The Sports Talker

Sportscaster Damon Bruce tells it like it is.



Damon Bruce.

Photo by Carl Hungus

Few of the Bay Area’s many sports talk hosts lay it on the line like  Damon Bruce, afternoon host of 95.7 The Game. With an in-your-face, take-no-prisoners style, Bruce is not afraid to mix it up with guests and callers or say something outrageous. Sometimes it even gets him into trouble, like in 2013 when his on-air tirade against female sportscasters earned him a brief suspension. Even recently getting married hasn’t slowed down Bruce. He’s still “telling it like it is” as Howard Cosell used to say. Maybe it’s that Schenectady, N.Y., upbringing? Bruce first landed in the Bay Area in the late 1990s after graduating from Indiana University with a broadcasting degree. He found work as a producer at KNBR 680 AM and soon was co-hosting a national overnight sports show. After stops at several sports networks as well as hosting shows in the Midwest, Bruce returned to KNBR to take over the station’s evening show in 2005. He then moved on to KNBR’s 1050 AM outlet for afternoon duties and a brief interruption from that show for an ill-fated pairing with the dean of Bay Area sportscasters, Gary Radnich. In 2014 Bruce jumped ship from “The Sport’s Leader” to lead crosstown FM rival The Game’s 3 to 7 p.m. show. That’s where I called him up recently. As Bruce might have said of our chat, echoing his sign-off quote from legendary UCLA basketball coach John Wooden, the conversation didn’t build anybody’s character; it “revealed” it. Amen.

Paul Kilduff: Have the Warriors been coasting this season?

Damon Bruce: They were for a minute. Not anymore. That, I guess, is the silver lining of the cloud of the Durant injury. Whatever casual nature they thought that they could walk through the entire year with, they need to tighten things up now. I don’t blame them for approaching this season the way that they have. When all that is left for you is you’re a champion at the end of the year or the whole thing was a waste of time, it feels like a waste of time until you decide who the champion is. That’s kind of the world Warrior fans and the franchise now exist in. What I love so much about last year was that there’s absolutely no doubt that they’re trying to go 82-0. And they’re really pissed off about those nine losses. I loved 73-9 because they wanted to go 82-0 and they conducted business as such and they played like that every night. I don’t like the whole, “Yeah, we know we’re gonna lose X amount of games, and it’s really no big deal, and we’ll see you in the playoffs, everybody.” I just don’t like that. I understand it’s a long season. You’ve got to measure your energy and you can’t be going crazy. Not every game is an elimination game and should not be played as such, but there are definitely games that last year’s team’s attitude would have won this season. We’ll see where this all goes. If they win the NBA Championship in June, it’ll be as if all of these ceilings never existed, and I’m a moron for even suggesting something.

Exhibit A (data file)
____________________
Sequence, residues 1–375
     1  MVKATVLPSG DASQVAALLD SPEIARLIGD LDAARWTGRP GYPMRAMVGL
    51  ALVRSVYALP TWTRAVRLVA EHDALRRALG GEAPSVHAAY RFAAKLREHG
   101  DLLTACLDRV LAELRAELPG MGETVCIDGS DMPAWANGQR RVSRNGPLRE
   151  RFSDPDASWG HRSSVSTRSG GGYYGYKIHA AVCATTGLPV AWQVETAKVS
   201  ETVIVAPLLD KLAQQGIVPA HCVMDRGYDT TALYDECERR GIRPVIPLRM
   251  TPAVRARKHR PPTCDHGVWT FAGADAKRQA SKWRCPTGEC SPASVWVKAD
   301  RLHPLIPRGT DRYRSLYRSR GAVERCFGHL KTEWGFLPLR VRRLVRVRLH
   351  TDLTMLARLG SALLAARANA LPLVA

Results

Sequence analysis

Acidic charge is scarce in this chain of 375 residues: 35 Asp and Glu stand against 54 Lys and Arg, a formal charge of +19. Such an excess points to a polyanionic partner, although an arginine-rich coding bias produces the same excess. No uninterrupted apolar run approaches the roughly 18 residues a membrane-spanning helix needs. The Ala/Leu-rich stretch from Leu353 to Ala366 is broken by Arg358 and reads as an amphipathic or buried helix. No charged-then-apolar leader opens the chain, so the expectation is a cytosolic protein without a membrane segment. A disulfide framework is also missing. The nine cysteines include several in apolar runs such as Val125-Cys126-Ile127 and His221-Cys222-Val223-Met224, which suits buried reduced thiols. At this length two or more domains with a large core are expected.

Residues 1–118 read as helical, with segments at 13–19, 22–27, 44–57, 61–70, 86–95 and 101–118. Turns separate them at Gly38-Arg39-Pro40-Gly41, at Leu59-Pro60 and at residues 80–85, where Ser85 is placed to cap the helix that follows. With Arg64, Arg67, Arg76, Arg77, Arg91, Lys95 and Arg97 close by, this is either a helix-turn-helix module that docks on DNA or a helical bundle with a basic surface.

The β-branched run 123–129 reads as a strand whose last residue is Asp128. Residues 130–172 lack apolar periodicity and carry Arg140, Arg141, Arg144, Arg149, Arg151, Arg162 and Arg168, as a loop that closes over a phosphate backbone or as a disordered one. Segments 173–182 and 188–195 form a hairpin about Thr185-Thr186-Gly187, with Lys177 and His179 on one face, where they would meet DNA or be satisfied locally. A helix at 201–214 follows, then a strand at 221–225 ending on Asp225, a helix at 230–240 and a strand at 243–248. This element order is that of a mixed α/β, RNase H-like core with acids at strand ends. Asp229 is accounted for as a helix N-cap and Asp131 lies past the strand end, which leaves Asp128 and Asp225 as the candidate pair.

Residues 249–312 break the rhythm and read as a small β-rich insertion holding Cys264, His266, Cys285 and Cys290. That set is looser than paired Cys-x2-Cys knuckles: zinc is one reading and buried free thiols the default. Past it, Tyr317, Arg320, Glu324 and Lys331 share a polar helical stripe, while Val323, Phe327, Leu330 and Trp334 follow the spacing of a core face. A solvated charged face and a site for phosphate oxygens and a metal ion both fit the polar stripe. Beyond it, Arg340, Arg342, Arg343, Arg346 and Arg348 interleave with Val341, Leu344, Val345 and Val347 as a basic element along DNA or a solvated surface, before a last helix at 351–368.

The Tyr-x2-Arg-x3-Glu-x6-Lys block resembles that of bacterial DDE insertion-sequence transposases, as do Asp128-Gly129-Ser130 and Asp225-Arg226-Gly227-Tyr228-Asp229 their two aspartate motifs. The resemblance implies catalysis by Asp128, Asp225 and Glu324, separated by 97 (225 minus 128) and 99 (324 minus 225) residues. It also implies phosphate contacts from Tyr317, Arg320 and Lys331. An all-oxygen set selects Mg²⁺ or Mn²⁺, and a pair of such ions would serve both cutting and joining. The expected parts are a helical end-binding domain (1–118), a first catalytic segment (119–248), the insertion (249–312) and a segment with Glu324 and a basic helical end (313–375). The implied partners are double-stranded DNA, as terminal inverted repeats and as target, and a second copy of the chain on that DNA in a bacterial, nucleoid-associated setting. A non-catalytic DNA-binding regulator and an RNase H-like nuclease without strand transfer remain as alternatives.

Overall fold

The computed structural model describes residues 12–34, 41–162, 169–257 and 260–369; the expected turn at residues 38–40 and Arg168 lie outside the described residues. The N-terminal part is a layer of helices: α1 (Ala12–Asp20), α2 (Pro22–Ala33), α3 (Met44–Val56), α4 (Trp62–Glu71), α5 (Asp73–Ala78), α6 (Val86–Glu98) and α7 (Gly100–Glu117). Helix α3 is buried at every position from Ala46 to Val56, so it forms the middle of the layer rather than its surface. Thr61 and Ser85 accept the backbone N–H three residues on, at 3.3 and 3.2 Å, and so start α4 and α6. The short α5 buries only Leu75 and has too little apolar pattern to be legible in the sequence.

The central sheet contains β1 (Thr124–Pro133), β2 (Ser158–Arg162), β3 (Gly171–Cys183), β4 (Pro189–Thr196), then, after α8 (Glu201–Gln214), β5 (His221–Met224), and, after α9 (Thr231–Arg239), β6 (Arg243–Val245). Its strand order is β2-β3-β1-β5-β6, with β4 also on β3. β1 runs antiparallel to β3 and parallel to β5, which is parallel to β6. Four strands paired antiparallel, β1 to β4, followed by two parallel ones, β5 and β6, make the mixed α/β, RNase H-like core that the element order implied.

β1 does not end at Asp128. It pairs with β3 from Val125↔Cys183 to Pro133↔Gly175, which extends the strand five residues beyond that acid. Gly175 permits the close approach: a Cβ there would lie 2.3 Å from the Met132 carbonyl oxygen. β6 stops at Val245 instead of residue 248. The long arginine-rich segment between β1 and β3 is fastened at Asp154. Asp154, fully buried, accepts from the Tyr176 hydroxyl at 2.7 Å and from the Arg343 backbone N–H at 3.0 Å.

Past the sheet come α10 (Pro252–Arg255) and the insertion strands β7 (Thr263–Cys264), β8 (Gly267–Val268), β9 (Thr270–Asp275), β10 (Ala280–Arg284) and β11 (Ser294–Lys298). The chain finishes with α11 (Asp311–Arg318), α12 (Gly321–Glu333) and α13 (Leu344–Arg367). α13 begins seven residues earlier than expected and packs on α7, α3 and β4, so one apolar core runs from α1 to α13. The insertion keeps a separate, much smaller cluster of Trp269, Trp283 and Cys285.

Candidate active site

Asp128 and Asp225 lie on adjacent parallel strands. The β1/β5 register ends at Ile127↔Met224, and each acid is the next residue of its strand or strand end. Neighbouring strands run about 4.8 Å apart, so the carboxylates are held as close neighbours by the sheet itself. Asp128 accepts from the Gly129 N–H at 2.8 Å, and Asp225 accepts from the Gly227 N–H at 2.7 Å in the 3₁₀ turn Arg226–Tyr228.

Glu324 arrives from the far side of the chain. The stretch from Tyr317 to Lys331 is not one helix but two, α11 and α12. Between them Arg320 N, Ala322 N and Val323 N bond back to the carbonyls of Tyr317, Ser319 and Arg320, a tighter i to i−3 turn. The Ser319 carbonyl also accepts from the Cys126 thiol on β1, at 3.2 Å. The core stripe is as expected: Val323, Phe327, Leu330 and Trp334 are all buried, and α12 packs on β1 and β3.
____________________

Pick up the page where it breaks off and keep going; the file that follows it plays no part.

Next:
PK: I think there definitely is a consensus. I know I’ve felt this way—that if they’d let off the gas pedal a little bit last season during the regular season and not made such a big deal about trying to go undefeated, they would have been in better shape to win the championship.

DB: I don’t think that has anything to do with it.